The basic ideas and techniques underlying the design of intelligent computer systems. A specific emphasis will be on the statistical and decision-theoretic modeling paradigm, with applications ranging from diagnosis to game-playing to robotics. This course is built around several multi-part programming projects, based on the game of Pacman.

    CS 6360 Machine Learning (3,S). Vivek Srikumar, instructor. Prereq: CS 3130.

    Introduction to the basic ideas and techniques underlying the design of learning computer systems. Topics include linear algebra, Gaussian statistics, regression, Kalman filters and smoothers, expectation maximization, classification, clustering, support vector machines, and neural networks.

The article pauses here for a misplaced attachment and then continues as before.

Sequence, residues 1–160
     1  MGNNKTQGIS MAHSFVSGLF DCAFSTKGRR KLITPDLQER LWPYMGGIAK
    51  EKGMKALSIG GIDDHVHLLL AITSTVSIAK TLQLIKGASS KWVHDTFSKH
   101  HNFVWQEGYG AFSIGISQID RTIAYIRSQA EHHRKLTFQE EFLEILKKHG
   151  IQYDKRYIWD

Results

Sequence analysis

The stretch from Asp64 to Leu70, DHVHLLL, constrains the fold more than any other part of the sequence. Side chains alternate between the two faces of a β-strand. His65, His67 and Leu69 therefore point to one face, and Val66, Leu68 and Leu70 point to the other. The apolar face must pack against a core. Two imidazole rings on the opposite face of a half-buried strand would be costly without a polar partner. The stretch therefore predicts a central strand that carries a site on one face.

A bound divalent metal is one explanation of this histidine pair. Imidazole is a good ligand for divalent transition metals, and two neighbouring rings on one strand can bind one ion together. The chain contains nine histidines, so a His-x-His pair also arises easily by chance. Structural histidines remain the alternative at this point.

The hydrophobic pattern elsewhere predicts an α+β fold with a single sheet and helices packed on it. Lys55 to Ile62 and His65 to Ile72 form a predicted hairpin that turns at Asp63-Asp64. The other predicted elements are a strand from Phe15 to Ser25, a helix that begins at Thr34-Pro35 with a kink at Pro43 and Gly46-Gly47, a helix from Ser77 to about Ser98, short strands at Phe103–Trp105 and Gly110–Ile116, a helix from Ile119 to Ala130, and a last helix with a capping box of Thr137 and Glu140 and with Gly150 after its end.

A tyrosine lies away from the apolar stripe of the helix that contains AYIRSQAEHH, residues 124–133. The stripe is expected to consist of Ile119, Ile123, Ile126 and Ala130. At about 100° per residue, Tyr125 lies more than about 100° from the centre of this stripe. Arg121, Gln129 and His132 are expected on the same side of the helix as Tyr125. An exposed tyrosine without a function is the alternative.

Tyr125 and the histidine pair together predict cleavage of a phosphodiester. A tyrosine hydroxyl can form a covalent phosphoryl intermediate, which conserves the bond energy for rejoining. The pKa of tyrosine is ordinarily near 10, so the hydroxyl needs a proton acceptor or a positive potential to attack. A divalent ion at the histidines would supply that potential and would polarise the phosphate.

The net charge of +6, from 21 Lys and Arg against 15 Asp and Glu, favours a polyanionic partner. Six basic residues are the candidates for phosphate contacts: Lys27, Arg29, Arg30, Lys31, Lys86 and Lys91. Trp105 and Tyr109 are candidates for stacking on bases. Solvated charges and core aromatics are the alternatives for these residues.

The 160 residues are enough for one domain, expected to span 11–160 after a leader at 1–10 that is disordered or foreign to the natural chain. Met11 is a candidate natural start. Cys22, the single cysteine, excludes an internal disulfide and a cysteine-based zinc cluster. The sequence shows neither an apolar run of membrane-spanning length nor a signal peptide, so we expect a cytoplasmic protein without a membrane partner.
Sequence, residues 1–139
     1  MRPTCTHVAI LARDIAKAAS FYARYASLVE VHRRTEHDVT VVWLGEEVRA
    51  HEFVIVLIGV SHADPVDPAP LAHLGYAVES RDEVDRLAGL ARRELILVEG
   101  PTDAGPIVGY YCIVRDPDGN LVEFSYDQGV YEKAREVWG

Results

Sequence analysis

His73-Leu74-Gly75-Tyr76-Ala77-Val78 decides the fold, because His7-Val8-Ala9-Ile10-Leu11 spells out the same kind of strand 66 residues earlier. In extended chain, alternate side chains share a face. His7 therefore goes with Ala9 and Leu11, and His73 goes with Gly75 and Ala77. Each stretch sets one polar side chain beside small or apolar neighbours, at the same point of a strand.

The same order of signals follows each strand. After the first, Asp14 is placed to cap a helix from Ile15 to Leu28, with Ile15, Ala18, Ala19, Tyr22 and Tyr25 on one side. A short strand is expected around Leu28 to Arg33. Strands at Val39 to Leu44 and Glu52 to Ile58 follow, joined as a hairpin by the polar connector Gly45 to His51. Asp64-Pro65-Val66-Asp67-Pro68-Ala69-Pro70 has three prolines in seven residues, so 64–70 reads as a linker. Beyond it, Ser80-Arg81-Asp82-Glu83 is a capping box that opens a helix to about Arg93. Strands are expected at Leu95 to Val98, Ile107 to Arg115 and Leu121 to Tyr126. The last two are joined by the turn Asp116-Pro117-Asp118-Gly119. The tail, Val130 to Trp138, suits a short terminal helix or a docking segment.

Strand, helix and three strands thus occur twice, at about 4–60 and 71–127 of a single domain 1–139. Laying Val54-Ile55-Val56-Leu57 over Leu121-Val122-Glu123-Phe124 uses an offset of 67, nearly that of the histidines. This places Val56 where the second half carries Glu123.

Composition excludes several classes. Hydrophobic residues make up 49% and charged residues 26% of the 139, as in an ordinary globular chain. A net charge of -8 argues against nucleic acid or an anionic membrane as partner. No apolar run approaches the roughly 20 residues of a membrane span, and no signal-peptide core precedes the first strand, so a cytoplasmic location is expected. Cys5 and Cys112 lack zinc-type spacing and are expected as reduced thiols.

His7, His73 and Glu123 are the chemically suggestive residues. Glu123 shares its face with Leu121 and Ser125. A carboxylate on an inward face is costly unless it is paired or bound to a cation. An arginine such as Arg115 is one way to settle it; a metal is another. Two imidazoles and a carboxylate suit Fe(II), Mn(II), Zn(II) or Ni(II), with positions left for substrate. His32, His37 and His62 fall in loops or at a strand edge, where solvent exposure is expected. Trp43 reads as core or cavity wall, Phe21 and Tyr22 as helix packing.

CS 6380 Multi-agent Systems (3,F). Tom Henderson, Instructor. Prereq: Knowledge of Matlab or C, data structures, processes, language syntax.

    Covers fundamental notions of (1) software agents, including autonomy, communication, persistence, and intelligence; (2) multi-agent systems, including communication standards, cooperation, competition, and coordination. Methods will be applied to a practical application.

  • Action.

    ME EN 6240 Advanced Mechatronics (3,S). Mark Feldberg, instructor. Prereq: undergraduate mechatronics or embedded systems course; course in basic electrical circuits; and course in C programming (or permission from instructor).